Drew WL. 2001. Viral infection of the central nervous system. In Current Diagnosis & Treatment in Infectious Disease. Wilson WR, Sande MA. (Eds.) McGraw-Hill Companies, Inc.: New York, NY. p 453–462.

Foster WA, Walker ED. 2009. Mosquitoes (Culicidae). In Medical and Veterinary Entomology. Mullen G, Durden L. (Eds.) Academic Press: San Diego, CA. 597. p 203–262.

ITIS. 2014. Aedes taeniorhynchus (Wiedemann, 1821) Taxonomic Serial No.: 126381. The Integrated Taxonomic Information System. (23 March 2022).

Koehler PG, Castner JL. (2008). Blood sucking insects. EDIS. SP-120. (23 March 2022).

Lea AO. 1964. Studies on the dietary and endocrine regulation of autogenous reproduction in Aedes taeniorhynchus (Wied.). Journal of Medical Entomology 1: 40–44.

Lounibos LP and Buckner EA. 2021. Florida container mosquitoes. EDIS. ENY-2057. (7 June 2021).

Meredith WH, Lesser CR. (2007).  Open marsh water management in Delaware: 1979 - 2007Proceedings of the New Jersey Mosquito Control Association. (15 April 2014).

Nayar JK, Rutledge CR. (2008). Mosquito-borne dog heartworm disease. EDIS. ENY-648. (23 March 2022).

Nielsen ET, Nielsen AT. 1953. Field observations on the habits of Aedes taeniorhynchus. Ecology 34: 141–156.

Ritchie SA, Johnson ES. 1991. Distribution and sampling of Aedes taeniorhynchus (Diptera: Culicidae) eggs in a Florida mangrove forest. Journal of Medical Entomology 28: 270–274.

Turell MJ, Ludwig GV, Beaman JR. 1992. Transmission of Venezuelan equine encephalomyelitis virus by Aedes sollicitans and Aedes taeniorhynchus (Diptera: Culicidae). Journal of Medical Entomology 29: 62–65.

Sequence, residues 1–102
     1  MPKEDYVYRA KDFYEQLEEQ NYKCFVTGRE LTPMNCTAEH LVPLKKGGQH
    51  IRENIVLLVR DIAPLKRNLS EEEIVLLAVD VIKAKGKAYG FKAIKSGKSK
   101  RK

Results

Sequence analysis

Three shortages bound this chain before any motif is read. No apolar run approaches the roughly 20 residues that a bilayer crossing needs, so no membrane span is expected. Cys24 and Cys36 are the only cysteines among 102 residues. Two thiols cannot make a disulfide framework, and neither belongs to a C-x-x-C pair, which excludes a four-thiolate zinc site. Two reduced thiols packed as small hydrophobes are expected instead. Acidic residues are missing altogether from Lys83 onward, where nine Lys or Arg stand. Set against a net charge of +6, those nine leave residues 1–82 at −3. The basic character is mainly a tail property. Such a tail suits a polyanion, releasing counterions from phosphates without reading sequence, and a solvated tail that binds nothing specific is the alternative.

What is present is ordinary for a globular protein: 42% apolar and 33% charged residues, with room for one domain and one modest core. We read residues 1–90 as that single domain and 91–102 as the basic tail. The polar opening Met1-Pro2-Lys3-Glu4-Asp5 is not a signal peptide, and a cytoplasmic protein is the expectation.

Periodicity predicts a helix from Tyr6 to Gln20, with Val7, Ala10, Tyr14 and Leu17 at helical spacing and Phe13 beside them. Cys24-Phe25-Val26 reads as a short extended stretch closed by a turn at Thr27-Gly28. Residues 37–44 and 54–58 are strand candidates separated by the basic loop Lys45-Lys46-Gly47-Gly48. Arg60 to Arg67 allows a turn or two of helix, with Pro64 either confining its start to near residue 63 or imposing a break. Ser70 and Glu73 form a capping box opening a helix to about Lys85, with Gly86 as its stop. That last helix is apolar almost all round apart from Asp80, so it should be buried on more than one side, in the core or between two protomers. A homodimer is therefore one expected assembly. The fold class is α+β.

WRBU. (2014). Aedes taeniorhynchus (Wiedemann). The Walter Reed Biosystematics Unit. (23 March 2022).

Xue R, Ali A, Day JF. 2007. Commercially available insect repellents and criteria for their use. In Insect Repellents: Principles, Methods, and Uses. Debboun M, Frances SP, Strickman D. (Eds.) CRC Press: Boca Raton, FL. p 405–415.

Publication #EENY591

Release Date:September 21, 2021

Related Experts

Connelly, C. Roxanne Rutledge

University of Florida

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About this Publication

This document is EENY591, one of a series of the Entomology and Nematology Department, UF/IFAS Extension. Original publication date April 2014. Revised June 2021. Visit the EDIS website at for the currently supported version of this publication. This document is also available on the Featured Creatures website at

About the Authors

Natasha Marie Agramonte, research entomologist and PhD student; and C. Roxanne Connelly, associate professor, Florida Medical Entomology Laboratory, UF/IFAS Extension, Vero Beach, FL 32962.